A bank teller could force corporate Canada to re-examine its overtime policies and practices.
Last month, Dara Fresco, a head teller at a Toronto branch of the Canadian Imperial Bank of Commerce (CIBC) who was recently recognized for her customer service, launched a $600-million class-action lawsuit against her employer for unpaid overtime.
She claimed that in her 10-year career with the bank at 12 different branches, she was required to work on average two to five hours of overtime every week. While she filled out time sheets, she was discouraged from recording the extra hours. She said the practice is widespread among non-management employees.
The ramifications of the lawsuit reach far beyond CIBC and the financial services industry, said Catherine Connelly, professor of human resources and management at McMaster University’s DeGroote School of Business in Hamilton, Ont.
“I expect it would be a huge wake-up call for a lot of managers,” she said.
According to Statistics Canada, about 1.6 million Canadians work unpaid overtime and they average 9.2 extra hours a week. Put those number together and that adds up to about 765 million hours of unpaid overtime per year. Using a low hourly wage of $10 an hour that adds up to $7.65 billion in unpaid overtime.
“Basically these people are being asked to volunteer for their employer,” said Connelly. “I think we’ll never truly appreciate the extent of the issue because it’s unpaid overtime which means it’s pretty much unreported.”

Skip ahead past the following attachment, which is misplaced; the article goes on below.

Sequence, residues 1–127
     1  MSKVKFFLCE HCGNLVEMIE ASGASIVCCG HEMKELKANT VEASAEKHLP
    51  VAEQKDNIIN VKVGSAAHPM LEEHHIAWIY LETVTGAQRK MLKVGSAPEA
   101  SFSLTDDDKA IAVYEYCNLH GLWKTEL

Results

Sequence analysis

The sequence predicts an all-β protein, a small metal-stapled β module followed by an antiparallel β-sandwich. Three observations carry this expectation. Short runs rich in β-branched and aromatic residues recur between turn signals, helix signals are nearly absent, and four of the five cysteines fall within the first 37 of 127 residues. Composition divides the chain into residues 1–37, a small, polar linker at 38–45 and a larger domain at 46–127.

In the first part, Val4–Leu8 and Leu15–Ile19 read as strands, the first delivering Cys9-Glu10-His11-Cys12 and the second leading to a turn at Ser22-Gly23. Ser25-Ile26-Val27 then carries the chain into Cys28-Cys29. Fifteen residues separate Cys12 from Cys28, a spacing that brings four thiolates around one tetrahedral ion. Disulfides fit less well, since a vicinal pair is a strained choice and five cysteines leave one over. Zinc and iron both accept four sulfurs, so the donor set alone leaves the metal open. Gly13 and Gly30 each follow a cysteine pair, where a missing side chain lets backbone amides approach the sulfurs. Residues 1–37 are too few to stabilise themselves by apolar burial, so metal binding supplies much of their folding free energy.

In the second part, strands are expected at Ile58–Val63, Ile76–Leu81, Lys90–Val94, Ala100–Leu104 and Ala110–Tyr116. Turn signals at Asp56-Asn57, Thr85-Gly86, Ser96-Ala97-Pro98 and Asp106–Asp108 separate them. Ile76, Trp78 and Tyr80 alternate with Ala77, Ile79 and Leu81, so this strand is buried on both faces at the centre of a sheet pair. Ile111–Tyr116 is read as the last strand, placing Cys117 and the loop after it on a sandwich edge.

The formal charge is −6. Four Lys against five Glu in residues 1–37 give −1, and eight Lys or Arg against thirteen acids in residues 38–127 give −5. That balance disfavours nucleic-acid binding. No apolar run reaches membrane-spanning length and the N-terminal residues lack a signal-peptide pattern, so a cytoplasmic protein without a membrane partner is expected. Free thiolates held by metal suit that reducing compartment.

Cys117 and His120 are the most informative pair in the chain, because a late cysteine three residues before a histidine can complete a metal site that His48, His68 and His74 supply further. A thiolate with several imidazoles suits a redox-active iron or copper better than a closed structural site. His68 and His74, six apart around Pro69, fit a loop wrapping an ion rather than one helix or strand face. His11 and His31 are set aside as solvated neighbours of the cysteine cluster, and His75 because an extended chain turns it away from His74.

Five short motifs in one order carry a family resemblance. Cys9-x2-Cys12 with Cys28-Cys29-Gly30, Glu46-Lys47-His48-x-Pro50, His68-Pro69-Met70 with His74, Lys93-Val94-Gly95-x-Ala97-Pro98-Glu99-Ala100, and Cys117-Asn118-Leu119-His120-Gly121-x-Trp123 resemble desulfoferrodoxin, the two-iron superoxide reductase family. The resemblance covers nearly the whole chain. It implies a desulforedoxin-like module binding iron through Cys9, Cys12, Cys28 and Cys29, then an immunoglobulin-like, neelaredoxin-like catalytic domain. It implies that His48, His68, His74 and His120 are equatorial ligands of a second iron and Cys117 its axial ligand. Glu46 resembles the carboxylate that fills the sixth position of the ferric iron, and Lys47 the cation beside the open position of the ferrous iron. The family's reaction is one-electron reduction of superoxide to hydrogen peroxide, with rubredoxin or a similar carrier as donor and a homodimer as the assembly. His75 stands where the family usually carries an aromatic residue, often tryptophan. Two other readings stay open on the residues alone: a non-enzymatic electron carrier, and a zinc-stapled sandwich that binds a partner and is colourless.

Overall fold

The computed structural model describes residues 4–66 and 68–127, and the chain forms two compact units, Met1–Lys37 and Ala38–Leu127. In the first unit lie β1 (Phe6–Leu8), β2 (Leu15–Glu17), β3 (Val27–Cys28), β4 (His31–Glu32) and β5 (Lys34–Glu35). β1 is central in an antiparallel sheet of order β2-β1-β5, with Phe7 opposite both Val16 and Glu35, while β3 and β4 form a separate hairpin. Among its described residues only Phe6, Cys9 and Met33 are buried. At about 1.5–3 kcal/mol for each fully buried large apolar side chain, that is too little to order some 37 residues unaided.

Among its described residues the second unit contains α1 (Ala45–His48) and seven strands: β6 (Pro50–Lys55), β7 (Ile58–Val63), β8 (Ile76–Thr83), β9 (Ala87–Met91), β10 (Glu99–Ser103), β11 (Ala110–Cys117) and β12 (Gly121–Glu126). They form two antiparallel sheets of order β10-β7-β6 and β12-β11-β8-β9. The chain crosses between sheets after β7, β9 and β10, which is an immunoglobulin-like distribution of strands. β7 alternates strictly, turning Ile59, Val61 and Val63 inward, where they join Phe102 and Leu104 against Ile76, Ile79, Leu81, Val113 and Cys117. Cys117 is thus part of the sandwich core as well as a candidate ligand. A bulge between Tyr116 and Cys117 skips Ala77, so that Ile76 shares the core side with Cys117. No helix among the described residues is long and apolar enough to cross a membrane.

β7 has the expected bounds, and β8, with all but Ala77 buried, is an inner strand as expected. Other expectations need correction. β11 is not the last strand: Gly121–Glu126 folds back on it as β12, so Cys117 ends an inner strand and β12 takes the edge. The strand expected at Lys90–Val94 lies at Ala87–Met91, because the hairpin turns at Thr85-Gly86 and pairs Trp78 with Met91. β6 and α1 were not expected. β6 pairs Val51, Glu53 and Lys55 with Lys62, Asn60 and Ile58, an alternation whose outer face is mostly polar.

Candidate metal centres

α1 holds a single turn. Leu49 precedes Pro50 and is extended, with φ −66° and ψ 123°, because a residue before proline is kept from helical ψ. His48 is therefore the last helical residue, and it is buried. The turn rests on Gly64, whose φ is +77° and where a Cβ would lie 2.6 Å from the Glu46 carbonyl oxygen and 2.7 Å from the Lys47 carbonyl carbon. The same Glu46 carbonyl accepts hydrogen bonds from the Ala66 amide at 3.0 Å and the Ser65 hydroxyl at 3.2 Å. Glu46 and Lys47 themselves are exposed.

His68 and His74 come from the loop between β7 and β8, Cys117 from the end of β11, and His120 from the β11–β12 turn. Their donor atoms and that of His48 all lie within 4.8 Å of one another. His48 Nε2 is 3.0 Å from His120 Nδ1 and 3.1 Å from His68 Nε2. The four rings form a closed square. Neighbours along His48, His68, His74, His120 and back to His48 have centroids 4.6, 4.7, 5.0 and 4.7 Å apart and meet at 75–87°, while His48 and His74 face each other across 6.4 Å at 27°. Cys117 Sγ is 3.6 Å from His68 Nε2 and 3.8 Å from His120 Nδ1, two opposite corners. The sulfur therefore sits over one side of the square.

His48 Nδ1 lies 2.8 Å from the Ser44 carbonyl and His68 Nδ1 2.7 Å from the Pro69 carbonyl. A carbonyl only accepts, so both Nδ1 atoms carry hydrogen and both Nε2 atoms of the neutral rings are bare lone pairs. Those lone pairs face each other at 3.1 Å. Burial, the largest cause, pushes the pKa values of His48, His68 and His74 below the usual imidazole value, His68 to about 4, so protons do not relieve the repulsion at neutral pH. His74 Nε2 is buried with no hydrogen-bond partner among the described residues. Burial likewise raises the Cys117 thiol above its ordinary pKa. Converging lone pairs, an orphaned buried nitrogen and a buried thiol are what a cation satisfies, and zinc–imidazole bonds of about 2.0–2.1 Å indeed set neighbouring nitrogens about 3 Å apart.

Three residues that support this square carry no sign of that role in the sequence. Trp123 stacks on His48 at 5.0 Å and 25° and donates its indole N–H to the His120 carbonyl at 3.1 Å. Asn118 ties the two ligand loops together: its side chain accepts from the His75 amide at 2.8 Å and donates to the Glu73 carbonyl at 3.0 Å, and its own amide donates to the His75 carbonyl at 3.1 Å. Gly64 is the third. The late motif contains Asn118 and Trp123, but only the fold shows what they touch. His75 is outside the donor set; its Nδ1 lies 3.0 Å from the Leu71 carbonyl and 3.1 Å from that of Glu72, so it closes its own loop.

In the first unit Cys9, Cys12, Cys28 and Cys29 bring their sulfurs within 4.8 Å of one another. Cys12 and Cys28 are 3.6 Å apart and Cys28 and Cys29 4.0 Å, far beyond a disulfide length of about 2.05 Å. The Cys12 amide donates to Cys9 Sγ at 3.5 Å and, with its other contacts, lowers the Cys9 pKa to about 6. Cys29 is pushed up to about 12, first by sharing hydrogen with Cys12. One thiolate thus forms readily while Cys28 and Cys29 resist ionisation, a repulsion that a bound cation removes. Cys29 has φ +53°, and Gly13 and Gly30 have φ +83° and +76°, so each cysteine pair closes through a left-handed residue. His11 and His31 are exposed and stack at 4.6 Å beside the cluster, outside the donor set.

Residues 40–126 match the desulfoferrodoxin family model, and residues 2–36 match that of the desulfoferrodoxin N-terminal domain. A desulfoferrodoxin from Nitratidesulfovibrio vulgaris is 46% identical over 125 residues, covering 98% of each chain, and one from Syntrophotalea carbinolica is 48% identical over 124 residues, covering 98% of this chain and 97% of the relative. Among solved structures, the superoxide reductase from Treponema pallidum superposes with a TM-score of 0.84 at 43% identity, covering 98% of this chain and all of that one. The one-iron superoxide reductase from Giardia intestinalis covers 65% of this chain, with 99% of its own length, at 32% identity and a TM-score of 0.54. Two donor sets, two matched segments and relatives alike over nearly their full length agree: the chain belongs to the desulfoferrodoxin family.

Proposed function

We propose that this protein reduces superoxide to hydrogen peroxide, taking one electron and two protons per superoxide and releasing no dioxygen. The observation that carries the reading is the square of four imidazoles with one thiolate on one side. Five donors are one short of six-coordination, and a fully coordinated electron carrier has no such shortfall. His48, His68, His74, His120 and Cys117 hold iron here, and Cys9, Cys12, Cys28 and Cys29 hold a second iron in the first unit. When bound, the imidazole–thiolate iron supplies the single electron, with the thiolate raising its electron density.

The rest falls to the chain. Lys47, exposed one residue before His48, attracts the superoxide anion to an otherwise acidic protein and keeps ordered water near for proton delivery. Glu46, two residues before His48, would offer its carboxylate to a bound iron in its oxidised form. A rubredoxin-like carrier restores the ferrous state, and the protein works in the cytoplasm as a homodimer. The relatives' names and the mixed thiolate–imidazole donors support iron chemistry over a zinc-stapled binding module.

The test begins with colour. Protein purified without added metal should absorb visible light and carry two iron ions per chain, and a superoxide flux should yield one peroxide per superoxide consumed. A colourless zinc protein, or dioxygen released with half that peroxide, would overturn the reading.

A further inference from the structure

While unpaid overtime is common, many employers offer some sort of quid pro quo, such as lieu time, said Richard Powers, a lawyer and assistant dean at the University of Toronto’s Rotman School of Business.
Some people are willing to put in extra time with the expectation a good job will be recognized in other ways, through bonuses or performance appraisals, said Powers.
“But to the extent that someone doesn’t want to put those extra hours in, or feels that they should be compensated monetarily, that’s their right and the employer should recognize that,” he said.
However, it’s when employers expect employees to work overtime without any form of compensation that the real problems begin.
“What is unfair is that my colleagues and I are rarely paid for the overtime we are working and that’s just not right,” Fresco said at a press conference held last month.
That kind of expectation is becoming more pervasive in many Canadian workplaces, said Douglas Elliott, partner with Toronto law firm Roy Elliott Kim O’Connor LLP, which along with Sack Goldblatt Mitchell LLP is representing the class-action suit.
“With the pressure to increase productivity in the last number of years, one of the ways that people have been increasing productivity is illegally by breaking the law and requiring employees, or expecting employees, to work overtime and not get paid for it,” he said. “Slavery was abolished in Ontario 200 years ago and I don’t think we need to reinstitute it even on a part-time basis.”
The class-action suit covers about 10,000 current and former CIBC tellers, personal bankers, commercial bankers and account executives.
Lawsuit to use statistical data
Because employees have been discouraged from recording overtime, there are few records of how much unpaid overtime they worked. To address that issue, the lawyers will use statistical data to determine the average unpaid overtime worked by CIBC employees, said Elliott.
“This type of lawsuit has been anticipated for some time in Canada because it has been so common south of the border,” he said.